The National Organization for Rare Disorders (NORD) recently held its Living Rare, Living Stronger Patient and Family Forum on June 26, 2022. This event took place both virtually and in-person in Cleveland, Ohio. This forum is an important annual event for the rare disease community and serves as a valuable opportunity for discussion, networking, and recognition of achievements in the space. The event featured several different speakers and presentations, one of which was titled “Overcoming Ableism While Parenting.”
This session featured Kara Ayers, PhD, as speaker from the Cincinnati Children’s Hospital Medical Center. Dr. Ayers both researches the experience of parenting with a disability and also lives it herself as a person living with osteogenesis imperfecta, a rare disease of the bones. Her husband also has the disorder. One in ten parents that live with their children have some form of disability.
Dr. Ayers used an image of a smokestack as a metaphor for ableism, with ableism being presented as a pollutant in the air that is all around us. This is an apt comparison, as ableism is present throughout our society and culture; most of us have been indoctrinated by it to some degree.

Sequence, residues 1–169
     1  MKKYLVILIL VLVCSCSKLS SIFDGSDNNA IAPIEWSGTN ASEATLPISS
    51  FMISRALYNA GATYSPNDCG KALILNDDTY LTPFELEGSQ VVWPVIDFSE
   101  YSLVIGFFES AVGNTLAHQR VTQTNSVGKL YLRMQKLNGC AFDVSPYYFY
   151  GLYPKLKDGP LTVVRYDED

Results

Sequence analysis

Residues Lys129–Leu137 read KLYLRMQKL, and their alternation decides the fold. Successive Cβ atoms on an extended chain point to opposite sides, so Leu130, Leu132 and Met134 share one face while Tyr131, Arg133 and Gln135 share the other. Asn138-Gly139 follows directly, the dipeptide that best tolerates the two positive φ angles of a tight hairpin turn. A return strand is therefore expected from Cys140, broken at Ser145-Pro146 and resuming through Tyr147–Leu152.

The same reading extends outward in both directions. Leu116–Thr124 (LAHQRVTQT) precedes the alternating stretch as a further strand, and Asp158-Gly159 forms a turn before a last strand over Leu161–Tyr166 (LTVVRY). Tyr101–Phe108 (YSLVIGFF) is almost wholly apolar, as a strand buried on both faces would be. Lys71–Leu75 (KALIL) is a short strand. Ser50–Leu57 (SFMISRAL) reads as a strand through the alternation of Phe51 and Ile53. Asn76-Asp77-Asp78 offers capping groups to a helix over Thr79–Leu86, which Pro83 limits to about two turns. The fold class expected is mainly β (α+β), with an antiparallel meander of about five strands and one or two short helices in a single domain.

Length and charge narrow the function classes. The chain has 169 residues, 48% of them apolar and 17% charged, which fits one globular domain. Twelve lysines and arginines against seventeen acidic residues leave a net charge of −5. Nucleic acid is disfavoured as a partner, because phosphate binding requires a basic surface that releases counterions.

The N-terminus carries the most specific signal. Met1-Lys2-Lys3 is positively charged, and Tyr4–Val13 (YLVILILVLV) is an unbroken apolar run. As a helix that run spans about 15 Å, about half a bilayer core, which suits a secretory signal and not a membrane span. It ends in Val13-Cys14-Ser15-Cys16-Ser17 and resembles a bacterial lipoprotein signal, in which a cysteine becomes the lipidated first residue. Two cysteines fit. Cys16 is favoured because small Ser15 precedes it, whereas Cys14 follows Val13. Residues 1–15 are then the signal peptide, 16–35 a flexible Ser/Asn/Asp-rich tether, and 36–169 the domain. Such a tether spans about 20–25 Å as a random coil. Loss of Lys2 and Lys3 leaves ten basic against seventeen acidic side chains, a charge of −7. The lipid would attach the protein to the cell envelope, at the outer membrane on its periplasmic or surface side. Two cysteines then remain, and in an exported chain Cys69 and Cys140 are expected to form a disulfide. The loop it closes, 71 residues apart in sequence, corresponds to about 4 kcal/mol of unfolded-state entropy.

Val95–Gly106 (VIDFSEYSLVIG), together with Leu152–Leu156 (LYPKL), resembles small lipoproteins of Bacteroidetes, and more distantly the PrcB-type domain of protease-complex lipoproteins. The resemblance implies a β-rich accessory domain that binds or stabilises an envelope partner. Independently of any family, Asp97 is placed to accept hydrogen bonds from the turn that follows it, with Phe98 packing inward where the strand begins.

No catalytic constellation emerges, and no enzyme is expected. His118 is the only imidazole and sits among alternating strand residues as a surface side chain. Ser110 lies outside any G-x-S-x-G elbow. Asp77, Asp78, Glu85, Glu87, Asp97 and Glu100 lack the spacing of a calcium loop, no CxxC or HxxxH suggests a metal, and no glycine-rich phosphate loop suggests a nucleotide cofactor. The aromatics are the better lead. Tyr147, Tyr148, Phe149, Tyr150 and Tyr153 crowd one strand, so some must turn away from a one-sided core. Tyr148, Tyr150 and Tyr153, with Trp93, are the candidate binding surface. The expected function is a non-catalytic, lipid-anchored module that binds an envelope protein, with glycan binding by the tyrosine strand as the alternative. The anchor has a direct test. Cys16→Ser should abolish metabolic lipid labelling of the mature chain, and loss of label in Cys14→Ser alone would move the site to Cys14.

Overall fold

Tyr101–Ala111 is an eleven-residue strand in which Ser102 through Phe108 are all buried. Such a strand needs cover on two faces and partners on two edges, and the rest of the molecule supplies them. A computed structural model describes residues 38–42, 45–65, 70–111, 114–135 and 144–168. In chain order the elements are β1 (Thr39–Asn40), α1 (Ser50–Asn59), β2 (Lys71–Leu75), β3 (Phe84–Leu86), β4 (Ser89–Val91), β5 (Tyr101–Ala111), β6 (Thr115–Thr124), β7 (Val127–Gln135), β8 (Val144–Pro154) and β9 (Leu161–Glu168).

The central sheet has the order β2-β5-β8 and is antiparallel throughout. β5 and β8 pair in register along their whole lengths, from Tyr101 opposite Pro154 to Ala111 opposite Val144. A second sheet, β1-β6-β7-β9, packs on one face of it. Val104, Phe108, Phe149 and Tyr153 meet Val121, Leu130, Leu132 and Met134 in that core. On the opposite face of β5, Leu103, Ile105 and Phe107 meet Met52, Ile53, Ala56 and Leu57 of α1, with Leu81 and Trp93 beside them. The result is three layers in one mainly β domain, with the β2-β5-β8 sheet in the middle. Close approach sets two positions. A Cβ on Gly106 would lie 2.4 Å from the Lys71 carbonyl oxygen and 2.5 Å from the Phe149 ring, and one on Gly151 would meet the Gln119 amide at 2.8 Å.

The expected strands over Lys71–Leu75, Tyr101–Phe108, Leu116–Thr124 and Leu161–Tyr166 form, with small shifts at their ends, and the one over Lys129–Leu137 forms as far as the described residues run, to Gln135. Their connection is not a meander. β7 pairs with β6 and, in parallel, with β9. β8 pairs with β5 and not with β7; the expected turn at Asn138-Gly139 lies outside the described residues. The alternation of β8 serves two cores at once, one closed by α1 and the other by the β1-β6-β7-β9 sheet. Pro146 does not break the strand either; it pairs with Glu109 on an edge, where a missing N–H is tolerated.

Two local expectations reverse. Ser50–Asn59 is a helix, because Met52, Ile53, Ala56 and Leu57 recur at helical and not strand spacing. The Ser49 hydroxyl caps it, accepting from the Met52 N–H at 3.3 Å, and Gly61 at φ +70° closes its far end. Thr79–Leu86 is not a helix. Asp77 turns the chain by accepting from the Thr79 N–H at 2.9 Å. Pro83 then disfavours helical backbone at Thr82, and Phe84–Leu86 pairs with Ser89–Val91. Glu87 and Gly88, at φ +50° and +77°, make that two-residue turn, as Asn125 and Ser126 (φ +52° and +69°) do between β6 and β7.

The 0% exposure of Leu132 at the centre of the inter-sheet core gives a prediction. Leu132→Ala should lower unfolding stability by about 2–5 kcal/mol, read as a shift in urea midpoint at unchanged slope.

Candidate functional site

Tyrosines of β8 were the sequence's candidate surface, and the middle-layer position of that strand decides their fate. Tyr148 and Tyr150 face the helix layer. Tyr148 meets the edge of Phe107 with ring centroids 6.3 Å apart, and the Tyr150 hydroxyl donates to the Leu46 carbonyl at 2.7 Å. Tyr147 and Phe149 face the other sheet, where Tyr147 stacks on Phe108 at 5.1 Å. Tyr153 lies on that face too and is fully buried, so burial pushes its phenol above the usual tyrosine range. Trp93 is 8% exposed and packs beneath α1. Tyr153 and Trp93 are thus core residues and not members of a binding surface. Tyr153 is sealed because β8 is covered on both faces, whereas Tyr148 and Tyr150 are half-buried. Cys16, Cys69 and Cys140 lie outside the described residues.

“Many times it’s couched in an argument of safety.” – Kara Ayers, PhD
She also cited this example of an ableist statement:
‘No offense, but I don’t think that people with disabilities should have children.’
She noted that this statement carries the assumption that genetic disabilities are inherently bad and should be avoided no matter what.
“This is often a dominant belief in our medical system as well. It’s often accepted as an assumption.”
Ableism is in part a perspective that is learned, meaning that it can also be unlearned. It is pervasive in the medical system and can even be found in disabled communities. Experiences and places that are not accessible to disabled people perpetuate ableism. Ableism does not have to be intentional for it to be harmful.
While disability is rarely portrayed in media, Dr. Ayers notes that representation of disabled parents in particular is almost unheard of. While ableism is still a major obstacle, there are more tools and options our there for disabled parents to help them navigate a world that is hostile to their needs. Ultimately disabled people need the freedom to make decisions about parenting. Dr. Ayers encourages disabled parents to know their rights and seek out their community.
Disabled parents also need others, including family members, to presume competence in their own ability to parent. The maintenance and effectiveness of their own treatment is also important so that they can be present for their children. They may also need accommodations to support their children’s needs in environments or situations that are not accessible.